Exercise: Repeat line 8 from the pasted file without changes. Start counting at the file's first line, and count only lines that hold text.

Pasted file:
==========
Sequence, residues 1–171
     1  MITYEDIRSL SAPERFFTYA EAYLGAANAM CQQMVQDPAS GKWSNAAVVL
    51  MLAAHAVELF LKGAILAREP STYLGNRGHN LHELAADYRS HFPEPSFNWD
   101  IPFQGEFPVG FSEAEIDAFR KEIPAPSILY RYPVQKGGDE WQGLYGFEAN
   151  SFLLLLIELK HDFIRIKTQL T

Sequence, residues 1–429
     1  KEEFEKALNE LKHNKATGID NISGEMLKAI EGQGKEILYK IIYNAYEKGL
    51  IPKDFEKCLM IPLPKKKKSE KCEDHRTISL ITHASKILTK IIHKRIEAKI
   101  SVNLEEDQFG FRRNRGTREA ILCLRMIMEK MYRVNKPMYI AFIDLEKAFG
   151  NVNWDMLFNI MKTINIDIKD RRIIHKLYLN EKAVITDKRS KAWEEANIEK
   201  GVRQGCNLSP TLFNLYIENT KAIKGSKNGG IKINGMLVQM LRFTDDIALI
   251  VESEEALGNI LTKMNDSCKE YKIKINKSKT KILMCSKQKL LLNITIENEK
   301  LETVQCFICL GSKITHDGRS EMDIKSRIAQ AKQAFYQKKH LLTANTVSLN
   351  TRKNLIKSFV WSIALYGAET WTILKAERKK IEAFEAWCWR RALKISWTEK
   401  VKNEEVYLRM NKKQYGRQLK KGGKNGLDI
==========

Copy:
    51  IPKDFEKCLM IPLPKKKKSE KCEDHRTISL ITHASKILTK IIHKRIEAKI